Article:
The price for oil has fallen from over $100 per barrel in summer 2014 to under $40 a barrel today.
As a result, many states and areas that are dependent on the energy industry are beginning to feel the full effects of the slowdown. Last year, local rental markets, especially those in Texas, began to display the effects of the falling oil prices. Now, these effects are beginning to show themselves in purchase markets, as well, Zillow reports. Home values in parts of the country that are heavily dependent on the energy and oil industries are beginning to fall, and negative equity is beginning to rise.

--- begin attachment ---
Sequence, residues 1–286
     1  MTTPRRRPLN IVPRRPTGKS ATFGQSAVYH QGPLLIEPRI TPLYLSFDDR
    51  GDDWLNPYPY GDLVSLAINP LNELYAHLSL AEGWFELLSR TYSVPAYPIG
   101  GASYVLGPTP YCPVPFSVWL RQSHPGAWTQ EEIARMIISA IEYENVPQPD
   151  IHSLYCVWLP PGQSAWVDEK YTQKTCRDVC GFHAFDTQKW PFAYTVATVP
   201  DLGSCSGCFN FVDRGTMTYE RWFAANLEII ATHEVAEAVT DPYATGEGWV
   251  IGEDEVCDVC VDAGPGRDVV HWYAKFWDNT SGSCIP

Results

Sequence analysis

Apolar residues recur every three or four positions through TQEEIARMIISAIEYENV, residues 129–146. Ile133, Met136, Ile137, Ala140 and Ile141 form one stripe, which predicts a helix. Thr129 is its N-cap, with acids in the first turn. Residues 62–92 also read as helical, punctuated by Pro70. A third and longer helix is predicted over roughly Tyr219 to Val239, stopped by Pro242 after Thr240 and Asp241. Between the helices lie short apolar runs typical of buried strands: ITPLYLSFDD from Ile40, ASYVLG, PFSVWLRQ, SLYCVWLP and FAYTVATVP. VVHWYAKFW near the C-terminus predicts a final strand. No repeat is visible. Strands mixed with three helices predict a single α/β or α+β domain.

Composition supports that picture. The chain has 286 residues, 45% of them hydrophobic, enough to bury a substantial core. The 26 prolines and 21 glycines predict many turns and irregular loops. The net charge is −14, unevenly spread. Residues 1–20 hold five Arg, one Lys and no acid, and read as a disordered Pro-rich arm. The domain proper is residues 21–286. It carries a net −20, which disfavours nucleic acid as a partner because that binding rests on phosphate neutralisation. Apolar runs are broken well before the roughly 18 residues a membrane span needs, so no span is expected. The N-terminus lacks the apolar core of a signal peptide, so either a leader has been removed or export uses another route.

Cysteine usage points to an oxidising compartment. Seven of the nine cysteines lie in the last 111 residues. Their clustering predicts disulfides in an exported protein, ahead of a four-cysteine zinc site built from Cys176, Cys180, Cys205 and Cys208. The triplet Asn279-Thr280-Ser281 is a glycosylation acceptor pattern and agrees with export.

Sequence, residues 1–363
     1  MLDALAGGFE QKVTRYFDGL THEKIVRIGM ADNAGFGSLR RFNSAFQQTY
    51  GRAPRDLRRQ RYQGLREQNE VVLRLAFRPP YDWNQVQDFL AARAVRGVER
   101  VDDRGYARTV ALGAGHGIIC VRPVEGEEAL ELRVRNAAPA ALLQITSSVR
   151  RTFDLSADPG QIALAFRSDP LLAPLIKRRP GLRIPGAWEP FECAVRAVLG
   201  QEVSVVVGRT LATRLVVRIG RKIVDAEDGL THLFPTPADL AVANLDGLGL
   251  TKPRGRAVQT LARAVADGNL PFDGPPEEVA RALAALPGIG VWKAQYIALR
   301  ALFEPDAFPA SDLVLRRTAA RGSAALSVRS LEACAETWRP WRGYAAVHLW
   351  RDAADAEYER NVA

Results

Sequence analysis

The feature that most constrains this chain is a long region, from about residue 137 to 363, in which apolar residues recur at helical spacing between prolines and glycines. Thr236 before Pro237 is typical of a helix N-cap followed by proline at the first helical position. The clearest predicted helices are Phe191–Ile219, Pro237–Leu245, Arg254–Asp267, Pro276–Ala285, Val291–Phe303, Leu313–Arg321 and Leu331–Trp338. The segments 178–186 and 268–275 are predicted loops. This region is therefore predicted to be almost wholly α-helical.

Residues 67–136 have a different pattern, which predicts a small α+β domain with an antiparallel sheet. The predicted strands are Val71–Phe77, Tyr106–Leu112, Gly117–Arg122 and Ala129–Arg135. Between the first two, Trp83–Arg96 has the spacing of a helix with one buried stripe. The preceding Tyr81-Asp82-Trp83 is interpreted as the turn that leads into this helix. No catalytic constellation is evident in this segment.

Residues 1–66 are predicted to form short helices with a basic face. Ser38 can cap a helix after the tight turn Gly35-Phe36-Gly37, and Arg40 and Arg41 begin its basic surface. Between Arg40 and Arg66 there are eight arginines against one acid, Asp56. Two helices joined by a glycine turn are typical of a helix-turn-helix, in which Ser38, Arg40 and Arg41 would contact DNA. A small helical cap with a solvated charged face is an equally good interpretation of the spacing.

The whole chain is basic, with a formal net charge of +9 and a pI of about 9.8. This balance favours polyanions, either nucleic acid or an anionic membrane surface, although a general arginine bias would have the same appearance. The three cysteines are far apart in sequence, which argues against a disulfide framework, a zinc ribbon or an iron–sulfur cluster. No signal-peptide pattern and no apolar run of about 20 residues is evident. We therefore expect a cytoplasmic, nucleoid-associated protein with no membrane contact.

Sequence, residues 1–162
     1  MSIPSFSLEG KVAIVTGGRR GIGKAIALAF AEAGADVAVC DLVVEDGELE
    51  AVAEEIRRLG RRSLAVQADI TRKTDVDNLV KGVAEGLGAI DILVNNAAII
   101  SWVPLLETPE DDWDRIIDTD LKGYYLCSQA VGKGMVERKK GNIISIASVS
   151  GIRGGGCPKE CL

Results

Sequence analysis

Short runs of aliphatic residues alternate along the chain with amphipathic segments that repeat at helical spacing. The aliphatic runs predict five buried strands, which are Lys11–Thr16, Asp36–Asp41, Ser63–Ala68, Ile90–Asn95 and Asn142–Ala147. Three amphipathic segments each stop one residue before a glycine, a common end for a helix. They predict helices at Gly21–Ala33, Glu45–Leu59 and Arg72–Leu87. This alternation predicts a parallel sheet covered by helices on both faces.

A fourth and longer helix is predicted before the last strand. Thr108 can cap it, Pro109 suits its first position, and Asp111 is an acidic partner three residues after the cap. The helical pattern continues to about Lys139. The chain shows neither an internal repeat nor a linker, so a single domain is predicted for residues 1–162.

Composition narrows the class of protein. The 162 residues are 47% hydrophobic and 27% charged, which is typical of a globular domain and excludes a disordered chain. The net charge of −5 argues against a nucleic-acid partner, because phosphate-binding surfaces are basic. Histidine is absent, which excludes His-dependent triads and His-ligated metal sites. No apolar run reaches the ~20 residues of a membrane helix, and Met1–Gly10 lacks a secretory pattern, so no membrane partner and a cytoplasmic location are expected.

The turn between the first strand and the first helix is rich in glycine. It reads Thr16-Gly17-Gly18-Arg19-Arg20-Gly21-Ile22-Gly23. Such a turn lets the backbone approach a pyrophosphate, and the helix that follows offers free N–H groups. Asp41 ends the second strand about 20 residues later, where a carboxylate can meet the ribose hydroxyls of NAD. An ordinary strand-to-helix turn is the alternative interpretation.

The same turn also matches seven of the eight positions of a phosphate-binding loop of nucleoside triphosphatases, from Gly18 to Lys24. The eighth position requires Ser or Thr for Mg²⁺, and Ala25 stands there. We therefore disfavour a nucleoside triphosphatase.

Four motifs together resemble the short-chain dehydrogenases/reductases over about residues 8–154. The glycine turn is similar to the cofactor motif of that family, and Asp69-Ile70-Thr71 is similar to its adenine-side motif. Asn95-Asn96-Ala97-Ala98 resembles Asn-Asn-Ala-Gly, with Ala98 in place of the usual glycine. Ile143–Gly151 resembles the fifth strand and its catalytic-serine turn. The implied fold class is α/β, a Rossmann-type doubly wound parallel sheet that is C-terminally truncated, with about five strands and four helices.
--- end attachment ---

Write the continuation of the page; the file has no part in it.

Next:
Areas that have higher employment in the mining and oil-gas extraction industries have seen home values start to grow less quickly or even fall in some cases. Additionally, these same areas have seen negative equity decline more slowly or begin to grow.
In 2014, metros where the mining industry accounted for the highest share of the total employment saw a -2.8 percent change in home values and a -2.8 percent change in the negative equity rate. Meanwhile, metros with the lowest share of mining industry employment saw the median change in home values rise to 7 percent and the median change in negative equity rate reach -5.2 percent. In five of the six metros with the highest dependence on energy-industry jobs, home values declined.
However, the slowdown in these energy dependent markets is not likely to spill over into national and financial housing markets.